If your child screams and thrashes in their sleep, they could be experiencing night terrors.
The first time it happened to Thea Laidman’s son, he was two and a half. The Burlington Ont. mom had put him to bed for the night, and two hours later, she heard loud screams coming from his bedroom. She found him sitting bolt upright and shaking. His eyes were wide open, but as Laidman and her husband tried to calm him, he just stared blankly.
“He was looking right past us with this weird glazed-over look,” Laidman recalls. She noticed he was warm, so she put cold compresses on his forehead and held him while he flailed his arms and screamed. About five minutes later, he went back to sleep, and in the morning, he had no memory of what happened.
Laidman learned that these episodes are known as night terrors (or sleep terrors, because they can also occur during daytime naps). They are a type of disruptive sleep disorder called parasomnia, like nightmares, sleepwalking and sleep-talking.
What do night terrors look like?
If your kid is having a night terror, they will appear to be overtaken by fear. “They’re really scary to witness,” says Michelle Ponti, a paediatrician in London, Ont. “However, it’s often scarier for the parents than the child themselves.” Some telltale signs include inconsolable crying, screaming, kicking and thrashing, incoherent talking and sometimes sleepwalking.
While researchers don’t fully understand night terrors, Ponti says they tend to peak between three and four but could start as early as 18 months. Night terrors happen during non-REM sleep, in the transition between sleep cycles, and will usually occur within 90 minutes of falling asleep. They can last from a few seconds to a few minutes, until your child falls back asleep. And although there’s no consensus on how common night terrors are in kids (since parents often don’t report them), estimates range from as low as one percent to as high as 40 percent.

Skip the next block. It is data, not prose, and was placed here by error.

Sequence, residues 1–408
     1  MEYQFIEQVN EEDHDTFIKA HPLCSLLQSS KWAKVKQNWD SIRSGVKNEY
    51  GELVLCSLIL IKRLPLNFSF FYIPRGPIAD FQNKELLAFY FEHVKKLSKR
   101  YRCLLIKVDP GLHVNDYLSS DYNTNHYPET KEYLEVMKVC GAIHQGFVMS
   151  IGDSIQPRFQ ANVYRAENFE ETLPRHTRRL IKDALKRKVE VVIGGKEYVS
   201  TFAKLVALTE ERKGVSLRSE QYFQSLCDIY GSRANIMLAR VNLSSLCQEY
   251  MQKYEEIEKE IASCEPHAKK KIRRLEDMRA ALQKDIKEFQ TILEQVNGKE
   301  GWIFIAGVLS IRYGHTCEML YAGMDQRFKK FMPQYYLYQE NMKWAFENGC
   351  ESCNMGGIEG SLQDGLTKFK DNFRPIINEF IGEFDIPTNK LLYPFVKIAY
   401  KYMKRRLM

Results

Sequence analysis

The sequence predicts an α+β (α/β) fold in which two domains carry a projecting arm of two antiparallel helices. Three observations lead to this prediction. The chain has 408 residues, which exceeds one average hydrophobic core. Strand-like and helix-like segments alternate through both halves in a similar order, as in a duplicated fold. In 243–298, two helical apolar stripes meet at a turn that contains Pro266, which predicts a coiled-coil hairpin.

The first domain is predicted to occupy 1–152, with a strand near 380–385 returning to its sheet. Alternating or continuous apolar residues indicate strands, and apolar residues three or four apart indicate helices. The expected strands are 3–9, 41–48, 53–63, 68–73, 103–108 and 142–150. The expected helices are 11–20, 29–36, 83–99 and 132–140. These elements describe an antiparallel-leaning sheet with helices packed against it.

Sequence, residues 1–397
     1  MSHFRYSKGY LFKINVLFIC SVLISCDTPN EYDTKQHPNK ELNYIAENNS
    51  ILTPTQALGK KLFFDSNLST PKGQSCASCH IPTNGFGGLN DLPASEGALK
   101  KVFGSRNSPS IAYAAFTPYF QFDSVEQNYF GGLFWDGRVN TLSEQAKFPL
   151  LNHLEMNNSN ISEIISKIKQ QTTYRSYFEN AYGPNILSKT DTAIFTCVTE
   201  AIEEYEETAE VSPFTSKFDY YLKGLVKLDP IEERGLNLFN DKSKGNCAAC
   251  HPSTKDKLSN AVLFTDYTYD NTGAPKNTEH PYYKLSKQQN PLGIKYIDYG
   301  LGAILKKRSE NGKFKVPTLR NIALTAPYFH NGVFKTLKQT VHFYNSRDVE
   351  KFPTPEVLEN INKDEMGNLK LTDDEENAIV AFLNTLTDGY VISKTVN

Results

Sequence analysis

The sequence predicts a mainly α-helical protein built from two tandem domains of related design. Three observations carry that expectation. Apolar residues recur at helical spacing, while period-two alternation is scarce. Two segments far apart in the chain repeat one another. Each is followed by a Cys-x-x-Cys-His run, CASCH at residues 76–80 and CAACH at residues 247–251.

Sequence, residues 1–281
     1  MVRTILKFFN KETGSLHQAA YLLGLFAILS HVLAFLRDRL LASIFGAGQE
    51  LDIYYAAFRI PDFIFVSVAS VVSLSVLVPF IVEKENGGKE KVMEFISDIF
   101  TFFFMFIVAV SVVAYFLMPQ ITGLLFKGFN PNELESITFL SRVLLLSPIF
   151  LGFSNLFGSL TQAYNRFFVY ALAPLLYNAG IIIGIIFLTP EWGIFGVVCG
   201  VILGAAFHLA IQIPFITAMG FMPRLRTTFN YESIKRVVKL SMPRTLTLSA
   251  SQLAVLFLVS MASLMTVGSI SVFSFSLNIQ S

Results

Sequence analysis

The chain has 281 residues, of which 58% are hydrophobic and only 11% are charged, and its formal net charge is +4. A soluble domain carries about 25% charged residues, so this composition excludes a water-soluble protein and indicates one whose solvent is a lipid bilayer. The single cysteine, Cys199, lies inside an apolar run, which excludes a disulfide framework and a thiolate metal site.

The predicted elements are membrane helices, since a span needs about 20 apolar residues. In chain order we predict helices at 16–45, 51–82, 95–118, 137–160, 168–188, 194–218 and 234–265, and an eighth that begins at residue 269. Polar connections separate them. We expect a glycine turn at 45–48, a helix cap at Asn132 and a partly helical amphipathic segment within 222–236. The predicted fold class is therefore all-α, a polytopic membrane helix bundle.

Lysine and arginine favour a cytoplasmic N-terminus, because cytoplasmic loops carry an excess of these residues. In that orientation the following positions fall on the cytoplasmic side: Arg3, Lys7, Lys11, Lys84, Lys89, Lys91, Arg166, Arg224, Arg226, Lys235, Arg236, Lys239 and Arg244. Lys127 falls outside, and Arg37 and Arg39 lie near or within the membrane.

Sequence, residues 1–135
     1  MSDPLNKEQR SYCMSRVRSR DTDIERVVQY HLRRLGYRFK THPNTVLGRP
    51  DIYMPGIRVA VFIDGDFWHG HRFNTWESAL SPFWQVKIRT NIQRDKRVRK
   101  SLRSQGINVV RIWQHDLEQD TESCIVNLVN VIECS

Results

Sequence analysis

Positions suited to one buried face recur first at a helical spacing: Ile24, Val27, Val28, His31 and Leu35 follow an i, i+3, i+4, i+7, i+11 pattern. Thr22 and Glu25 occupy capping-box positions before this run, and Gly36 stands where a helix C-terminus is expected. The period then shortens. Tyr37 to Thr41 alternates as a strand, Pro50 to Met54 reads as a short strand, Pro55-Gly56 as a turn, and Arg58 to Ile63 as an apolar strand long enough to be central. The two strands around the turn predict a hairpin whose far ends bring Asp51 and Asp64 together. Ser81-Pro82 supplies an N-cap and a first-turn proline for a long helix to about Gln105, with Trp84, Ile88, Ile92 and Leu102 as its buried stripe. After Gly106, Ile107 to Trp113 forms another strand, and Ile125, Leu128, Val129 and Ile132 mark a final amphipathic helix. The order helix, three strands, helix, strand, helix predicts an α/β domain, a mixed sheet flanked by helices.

Night terror versus nightmare
While they may look similar, a night terror is very different from a nightmare because you can’t comfort your kid out of it. Your kid will also have no recollection of the event. Parents can take comfort in knowing that even though it looks horrible, a night terror is not traumatizing. “Kids can actually remember night-mares but they cannot remember a night terror,” says Ponti. “It’s not like a vivid, scary dream. It’s just this subconscious fear reaction to the transition of sleep.”
What causes night terrors?
Genetics play a role in night terrors, with kids more likely to experience them if sleep disorders run in the family. Some triggers for night terrors include a change in routine, feeling overtired and anxiety. Events such as potty training, divorce, a new caregiver or starting school can possibly set them off—or even a new medication. Laidman says her son is working through some anxiety issues, and she believes his most recent recurrence of night terrors was prompted by starting kindergarten, combined with her returning to work after mat leave with a second child.
How to help
It’s important to make sure your child isn’t hurting themselves during an episode. You should also not wake them up while it’s happening, because it just makes it harder for them to fall back asleep, says Ponti. “You can sit there and give them a hug and gently guide them back to sleep.”
As with most sleep problems, night terrors can also be lessened by keeping a routine. Pam Edwards-Wipf, a certified paediatric sleep consultant in Kamloops, BC, suggests parents look at their kid’s overall schedule: “What are the routines before sleep? Do we have a consistent, calming, soothing routine predictable for the child? Are there any stressors in that child’s life, or have there been major changes lately?”
It’s not unusual for night terrors to happen only once or twice, but if they start occurring regularly, it’s a good idea to check in with your doctor. You can also ask for a referral to a sleep specialist if the terrors become disruptive and you’re concerned about other sleep disorders, too, such as sleep apnea. “It helps to remember night terrors go away and they’re really nothing to be too concerned about,” says Ponti.
For Laidman’s son, the episodes continued, happening more frequently and for longer periods of time until he was about three and a half. Laidman’s son is now five, and he’s going through another spell of these fits in the night.
Laidman’s had some success predicting when night terrors might be triggered, based on how overexcited or overtired her son is, but for now, it’s just about trying to minimize them. “We started to try to be really aware of what his routines are and we try to keep him on those routines as a way to manage the night terrors as much as we can.”
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